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  • surviving tarmac delays

    Surviving the dreaded tarmac delay - Yahoo! News

  • #2
    Ya' know, I have never been put in that position of being held hostage on an aircraft, yet! However, should it come to an endless hour upon hour delay wherein people are getting sick, desperate, hungary, and of need of facilities, I wouldn't hesitate to pull the handle on the emergency window release and exit the aircraft that way. The aircraft won't be pressurized due to the squat switch keeping the cabin dump valves open. I and others may be arrested on the tarmac but the airline surely is not going to hold passengers against their will as if in a prison! I think people in that position should take a more aggressive approach to getting off the aircraft. I would consider using the same technique should I observe a heavy concentration of ice build up on the wing after a long wait.

    Surely, there has to be some expert constitutional lawyer out there willing to defend passengers caught in these situations. Congress needs to act and define a passenger bill of rights but I think those rights already exist. Whatever is enacted I think the current limit under consideration of three hours on the ground is way to long. It should be more like an hour and a half on the ground in anyone place.

    It has been my experience that many airline delays are self inflicted. Airlines schedule their flights for popular demand regardless of what reality dictates for the departing airport. Many times the proposals for aircraft departing DFW, DEN or other major airports have twenty five or more aircraft departing the same minute, which is impossible under the rules. More over, the same airline will have a multitude of flights with the same proposed departure time which is physically impossible. Screw the airlines, I say, since that is what they are doing to you and I, the travelling public.

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    • #3
      Hobo, thats also a time when the Captain needs to be the Captain, and do what he has to do to get those people off that airplane, even if one has to declare a medical emergency.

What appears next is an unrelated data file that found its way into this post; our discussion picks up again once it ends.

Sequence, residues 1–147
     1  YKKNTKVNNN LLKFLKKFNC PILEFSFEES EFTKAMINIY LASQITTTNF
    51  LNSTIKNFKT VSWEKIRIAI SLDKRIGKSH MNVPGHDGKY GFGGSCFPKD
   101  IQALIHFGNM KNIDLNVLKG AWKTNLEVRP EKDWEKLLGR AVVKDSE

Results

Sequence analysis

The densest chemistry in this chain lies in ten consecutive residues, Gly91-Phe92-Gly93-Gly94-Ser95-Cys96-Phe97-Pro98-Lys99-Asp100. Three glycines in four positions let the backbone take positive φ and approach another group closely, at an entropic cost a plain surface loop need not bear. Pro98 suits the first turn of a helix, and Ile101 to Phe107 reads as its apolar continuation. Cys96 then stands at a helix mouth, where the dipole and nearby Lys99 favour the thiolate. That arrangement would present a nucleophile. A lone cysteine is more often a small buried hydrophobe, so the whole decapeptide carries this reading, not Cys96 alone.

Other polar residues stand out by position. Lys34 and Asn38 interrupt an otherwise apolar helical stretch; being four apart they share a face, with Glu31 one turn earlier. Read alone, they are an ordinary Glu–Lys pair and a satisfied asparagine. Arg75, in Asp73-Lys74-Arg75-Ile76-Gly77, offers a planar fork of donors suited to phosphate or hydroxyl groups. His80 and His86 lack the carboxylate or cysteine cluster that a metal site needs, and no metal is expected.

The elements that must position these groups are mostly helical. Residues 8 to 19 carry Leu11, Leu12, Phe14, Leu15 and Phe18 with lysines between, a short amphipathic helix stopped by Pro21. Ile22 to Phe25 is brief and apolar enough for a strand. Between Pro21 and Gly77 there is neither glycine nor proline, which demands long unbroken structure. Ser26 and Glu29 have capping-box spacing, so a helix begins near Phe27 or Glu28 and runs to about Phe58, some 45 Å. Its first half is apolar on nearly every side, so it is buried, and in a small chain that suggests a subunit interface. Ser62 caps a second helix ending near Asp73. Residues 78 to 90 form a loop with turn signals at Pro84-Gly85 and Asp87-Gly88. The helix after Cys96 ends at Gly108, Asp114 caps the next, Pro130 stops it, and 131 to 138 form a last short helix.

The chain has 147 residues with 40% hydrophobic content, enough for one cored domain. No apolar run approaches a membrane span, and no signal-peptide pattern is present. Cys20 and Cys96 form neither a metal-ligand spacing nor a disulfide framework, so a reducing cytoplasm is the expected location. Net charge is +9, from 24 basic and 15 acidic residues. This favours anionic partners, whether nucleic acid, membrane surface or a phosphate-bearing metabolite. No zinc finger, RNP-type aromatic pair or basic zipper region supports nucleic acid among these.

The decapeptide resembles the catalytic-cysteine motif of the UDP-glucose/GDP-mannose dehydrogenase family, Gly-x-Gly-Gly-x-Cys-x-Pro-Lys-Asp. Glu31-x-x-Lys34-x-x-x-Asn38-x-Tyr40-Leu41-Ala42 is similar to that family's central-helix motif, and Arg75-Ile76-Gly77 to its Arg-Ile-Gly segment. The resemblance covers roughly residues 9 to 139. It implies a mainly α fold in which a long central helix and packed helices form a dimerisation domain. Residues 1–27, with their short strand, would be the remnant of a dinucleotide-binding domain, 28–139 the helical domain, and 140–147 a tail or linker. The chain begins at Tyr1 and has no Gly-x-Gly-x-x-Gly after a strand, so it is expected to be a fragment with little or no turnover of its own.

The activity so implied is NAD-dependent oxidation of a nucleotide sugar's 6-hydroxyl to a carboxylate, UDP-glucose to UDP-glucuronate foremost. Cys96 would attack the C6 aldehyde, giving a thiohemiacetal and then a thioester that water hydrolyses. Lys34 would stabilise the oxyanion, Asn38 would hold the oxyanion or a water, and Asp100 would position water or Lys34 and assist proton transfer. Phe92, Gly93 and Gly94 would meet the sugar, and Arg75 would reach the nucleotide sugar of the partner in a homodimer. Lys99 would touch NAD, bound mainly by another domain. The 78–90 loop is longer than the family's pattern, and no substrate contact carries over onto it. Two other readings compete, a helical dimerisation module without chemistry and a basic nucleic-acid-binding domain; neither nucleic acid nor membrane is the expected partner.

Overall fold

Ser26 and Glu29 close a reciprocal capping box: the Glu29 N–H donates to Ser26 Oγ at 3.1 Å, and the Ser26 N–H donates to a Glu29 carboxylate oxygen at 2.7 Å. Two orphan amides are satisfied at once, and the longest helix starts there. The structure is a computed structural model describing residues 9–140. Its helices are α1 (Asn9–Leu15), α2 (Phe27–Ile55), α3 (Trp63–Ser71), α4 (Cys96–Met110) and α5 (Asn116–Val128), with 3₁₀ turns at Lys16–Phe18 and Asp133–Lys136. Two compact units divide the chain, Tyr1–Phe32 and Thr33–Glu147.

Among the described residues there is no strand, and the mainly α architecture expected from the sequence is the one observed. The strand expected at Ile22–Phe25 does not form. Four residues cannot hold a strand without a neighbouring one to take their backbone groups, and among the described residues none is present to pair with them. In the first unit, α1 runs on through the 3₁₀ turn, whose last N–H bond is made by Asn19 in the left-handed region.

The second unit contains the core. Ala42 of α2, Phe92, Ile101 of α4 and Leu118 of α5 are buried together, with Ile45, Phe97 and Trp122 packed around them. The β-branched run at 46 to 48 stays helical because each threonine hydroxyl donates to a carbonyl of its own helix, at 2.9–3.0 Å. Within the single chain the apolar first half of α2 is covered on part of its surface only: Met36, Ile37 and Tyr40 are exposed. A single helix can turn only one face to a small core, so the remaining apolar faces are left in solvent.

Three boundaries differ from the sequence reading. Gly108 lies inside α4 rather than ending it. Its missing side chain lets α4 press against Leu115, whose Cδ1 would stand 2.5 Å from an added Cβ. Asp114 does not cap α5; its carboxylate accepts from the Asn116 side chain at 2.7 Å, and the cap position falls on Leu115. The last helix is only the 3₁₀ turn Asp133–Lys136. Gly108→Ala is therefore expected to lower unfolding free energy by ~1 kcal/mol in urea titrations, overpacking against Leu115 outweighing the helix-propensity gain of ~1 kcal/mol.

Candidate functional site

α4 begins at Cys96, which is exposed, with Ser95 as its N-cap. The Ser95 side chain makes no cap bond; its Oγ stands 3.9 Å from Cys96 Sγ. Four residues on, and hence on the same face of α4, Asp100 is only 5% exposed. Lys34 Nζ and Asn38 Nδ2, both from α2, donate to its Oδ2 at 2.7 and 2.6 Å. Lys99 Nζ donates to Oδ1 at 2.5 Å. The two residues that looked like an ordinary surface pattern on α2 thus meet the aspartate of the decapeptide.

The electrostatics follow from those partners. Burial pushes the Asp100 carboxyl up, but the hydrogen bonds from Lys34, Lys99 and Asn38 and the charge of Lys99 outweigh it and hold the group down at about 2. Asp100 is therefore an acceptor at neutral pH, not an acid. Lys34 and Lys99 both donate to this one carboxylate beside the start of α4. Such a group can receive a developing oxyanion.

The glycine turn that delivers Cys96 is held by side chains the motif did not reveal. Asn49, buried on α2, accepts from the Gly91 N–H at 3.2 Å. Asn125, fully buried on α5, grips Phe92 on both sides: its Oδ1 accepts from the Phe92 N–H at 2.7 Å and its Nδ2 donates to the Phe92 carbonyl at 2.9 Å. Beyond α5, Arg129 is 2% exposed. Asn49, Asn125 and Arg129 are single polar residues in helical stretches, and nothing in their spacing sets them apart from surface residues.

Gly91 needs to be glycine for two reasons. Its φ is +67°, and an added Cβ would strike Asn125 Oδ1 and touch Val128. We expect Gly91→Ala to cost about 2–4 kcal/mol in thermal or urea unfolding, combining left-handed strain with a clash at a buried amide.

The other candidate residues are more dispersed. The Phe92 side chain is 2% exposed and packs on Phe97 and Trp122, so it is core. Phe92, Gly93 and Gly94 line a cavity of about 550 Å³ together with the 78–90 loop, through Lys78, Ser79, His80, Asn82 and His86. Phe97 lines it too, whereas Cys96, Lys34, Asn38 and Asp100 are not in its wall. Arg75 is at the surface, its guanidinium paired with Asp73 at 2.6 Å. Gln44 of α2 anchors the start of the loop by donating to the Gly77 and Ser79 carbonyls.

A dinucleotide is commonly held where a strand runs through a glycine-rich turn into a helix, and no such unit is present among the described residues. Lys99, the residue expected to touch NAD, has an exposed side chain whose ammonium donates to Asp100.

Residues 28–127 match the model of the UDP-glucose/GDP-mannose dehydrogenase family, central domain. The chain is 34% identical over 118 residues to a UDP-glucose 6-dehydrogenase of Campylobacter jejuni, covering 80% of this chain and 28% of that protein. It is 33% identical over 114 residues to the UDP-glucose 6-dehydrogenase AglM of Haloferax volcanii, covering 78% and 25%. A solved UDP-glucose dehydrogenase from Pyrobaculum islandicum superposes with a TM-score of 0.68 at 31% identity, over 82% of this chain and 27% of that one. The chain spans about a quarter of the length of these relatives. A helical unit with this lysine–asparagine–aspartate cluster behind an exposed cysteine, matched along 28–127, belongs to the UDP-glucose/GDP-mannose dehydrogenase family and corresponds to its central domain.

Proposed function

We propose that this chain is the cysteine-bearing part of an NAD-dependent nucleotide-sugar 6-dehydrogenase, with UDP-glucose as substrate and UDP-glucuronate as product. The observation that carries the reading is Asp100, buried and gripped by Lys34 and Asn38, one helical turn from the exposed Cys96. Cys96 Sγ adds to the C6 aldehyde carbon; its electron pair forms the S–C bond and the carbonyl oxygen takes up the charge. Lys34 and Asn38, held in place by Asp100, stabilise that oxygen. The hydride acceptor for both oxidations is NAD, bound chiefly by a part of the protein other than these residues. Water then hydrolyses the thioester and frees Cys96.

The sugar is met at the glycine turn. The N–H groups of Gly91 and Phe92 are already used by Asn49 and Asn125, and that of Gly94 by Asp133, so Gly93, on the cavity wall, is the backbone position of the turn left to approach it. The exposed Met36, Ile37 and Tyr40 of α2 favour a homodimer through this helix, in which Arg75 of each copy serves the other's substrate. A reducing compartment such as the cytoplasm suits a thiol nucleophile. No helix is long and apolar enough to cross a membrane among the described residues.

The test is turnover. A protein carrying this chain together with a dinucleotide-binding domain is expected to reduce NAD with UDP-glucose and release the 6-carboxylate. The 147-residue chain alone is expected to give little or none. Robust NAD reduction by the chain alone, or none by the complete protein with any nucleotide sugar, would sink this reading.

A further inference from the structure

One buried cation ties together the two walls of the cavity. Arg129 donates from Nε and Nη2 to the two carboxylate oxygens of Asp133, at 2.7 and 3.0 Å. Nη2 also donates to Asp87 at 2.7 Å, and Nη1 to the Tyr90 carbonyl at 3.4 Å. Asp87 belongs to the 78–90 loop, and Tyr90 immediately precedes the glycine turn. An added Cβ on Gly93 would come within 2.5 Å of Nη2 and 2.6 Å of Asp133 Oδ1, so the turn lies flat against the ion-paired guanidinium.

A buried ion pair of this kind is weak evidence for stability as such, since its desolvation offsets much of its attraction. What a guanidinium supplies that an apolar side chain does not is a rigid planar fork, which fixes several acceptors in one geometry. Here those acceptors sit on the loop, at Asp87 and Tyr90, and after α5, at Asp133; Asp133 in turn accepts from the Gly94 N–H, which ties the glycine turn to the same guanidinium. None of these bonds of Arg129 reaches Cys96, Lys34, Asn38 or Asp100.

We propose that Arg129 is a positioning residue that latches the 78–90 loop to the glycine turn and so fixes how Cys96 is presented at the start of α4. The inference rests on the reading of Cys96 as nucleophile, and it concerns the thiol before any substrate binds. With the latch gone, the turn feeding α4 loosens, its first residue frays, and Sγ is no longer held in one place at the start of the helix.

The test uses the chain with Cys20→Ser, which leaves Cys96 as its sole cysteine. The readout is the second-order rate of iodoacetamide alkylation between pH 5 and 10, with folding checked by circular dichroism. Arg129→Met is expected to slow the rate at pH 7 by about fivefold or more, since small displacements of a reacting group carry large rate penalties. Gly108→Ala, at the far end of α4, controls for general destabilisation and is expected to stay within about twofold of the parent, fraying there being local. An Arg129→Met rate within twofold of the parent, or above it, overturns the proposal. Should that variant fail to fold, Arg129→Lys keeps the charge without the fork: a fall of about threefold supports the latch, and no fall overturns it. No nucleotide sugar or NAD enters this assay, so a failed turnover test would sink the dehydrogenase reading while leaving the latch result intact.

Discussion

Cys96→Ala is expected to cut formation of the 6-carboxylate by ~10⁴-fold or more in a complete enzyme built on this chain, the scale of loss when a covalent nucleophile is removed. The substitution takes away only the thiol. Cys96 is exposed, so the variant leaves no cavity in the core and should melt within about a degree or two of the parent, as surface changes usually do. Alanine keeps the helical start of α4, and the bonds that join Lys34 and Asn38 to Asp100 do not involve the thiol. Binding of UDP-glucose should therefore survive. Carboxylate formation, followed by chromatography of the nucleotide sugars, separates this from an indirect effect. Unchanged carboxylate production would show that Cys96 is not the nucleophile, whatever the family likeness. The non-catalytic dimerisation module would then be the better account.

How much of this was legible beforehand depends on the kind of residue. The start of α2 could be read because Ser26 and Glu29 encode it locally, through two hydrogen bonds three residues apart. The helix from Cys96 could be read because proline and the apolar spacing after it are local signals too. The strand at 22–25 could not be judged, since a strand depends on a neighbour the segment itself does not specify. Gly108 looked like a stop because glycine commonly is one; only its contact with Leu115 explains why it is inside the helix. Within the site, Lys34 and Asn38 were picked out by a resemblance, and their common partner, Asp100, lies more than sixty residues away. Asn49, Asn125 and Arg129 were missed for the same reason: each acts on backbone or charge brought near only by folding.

Only 511 ft lbs of Tq and only 1100 degrees EGT, damn, I need more fuel...

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      • #4
        Originally posted by jetboater View Post
        Hobo, thats also a time when the Captain needs to be the Captain, and do what he has to do to get those people off that airplane, even if one has to declare a medical emergency.
        I agree with you that the Captain of the aircraft should take the necessary action to relieve his passengers of the prison in which the aircraft has become. But, do these airlines hold the flight crews with their job as an incentive to not do anything? I am sure that the crews are restrained by their own companies and by the TSA.

        I think there are very real obstacles to the Captain being the Captain. TSA and these other "security" issues as well as company policies come to mind as a real threat to the crew of the aircraft. As a passenger, on one of these prisons, the pulling of the emergency exit would be grounds for several federal laws to be brought against me. But, at that point the Captain would have lost control of the ship as people exited the aircraft, a mutiny of sorts.

        I don't know of any successful lawsuits being brought against airlines by people that have previously been victims of these six hour or longer delayed aircraft. If there have been any I guess I haven't read about them. If we don't have a case in court then I would also guess that maritime laws take precedence wherein once on board your part of a very captive audience. Still, given the circumstance of sickness, no food, no water, the emergency exit would be an option for me, to Hell with the Captain!

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        • #5
          I am not aware of any successfull lawsuits for being held, and I agree, you would most certainly find your self in legal trouble for pulling that handle.

          I asked a friend, who is a Q400 Cap, he said in the old days the Captain would have done what was necessary, but times have changed, but one thing that will get that door open, is a passenger that has asked for, and declared a medical emergency, then the crew is duty bound to call it in as such, and request EMS. But, there had better be a reason, or...
          Only 511 ft lbs of Tq and only 1100 degrees EGT, damn, I need more fuel...

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